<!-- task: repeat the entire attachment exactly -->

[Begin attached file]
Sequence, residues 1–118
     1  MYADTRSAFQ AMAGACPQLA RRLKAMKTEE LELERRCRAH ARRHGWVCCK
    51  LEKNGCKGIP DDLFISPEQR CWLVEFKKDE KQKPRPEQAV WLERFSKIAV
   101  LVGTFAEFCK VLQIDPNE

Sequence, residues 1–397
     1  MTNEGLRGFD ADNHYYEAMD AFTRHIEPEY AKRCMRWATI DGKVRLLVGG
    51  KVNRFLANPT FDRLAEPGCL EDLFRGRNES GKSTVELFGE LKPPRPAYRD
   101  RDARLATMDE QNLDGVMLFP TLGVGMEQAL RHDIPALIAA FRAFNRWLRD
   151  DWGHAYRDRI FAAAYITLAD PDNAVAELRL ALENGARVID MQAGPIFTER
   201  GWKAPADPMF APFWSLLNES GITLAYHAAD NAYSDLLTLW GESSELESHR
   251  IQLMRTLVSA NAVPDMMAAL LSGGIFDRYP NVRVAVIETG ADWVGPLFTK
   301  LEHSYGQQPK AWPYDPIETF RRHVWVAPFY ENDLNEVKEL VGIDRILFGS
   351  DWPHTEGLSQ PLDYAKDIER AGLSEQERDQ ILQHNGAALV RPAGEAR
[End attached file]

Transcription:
Sequence, residues 1–118
     1  MYADTRSAFQ AMAGACPQLA RRLKAMKTEE LELERRCRAH ARRHGWVCCK
    51  LEKNGCKGIP DDLFISPEQR CWLVEFKKDE KQKPRPEQAV WLERFSKIAV
   101  LVGTFAEFCK VLQIDPNE

Sequence, residues 1–397
     1  MTNEGLRGFD ADNHYYEAMD AFTRHIEPEY AKRCMRWATI DGKVRLLVGG
    51  KVNRFLANPT FDRLAEPGCL EDLFRGRNES GKSTVELFGE LKPPRPAYRD
   101  RDARLATMDE QNLDGVMLFP TLGVGMEQAL RHDIPALIAA FRAFNRWLRD
   151  DWGHAYRDRI FAAAYITLAD PDNAVAELRL ALENGARVID MQAGPIFTER
   201  GWKAPADPMF APFWSLLNES GITLAYHAAD NAYSDLLTLW GESSELESHR
   251  IQLMRTLVSA NAVPDMMAAL LSGGIFDRYP NVRVAVIETG ADWVGPLFTK
   301  LEHSYGQQPK AWPYDPIETF RRHVWVAPFY ENDLNEVKEL VGIDRILFGS
   351  DWPHTEGLSQ PLDYAKDIER AGLSEQERDQ ILQHNGAALV RPAGEAR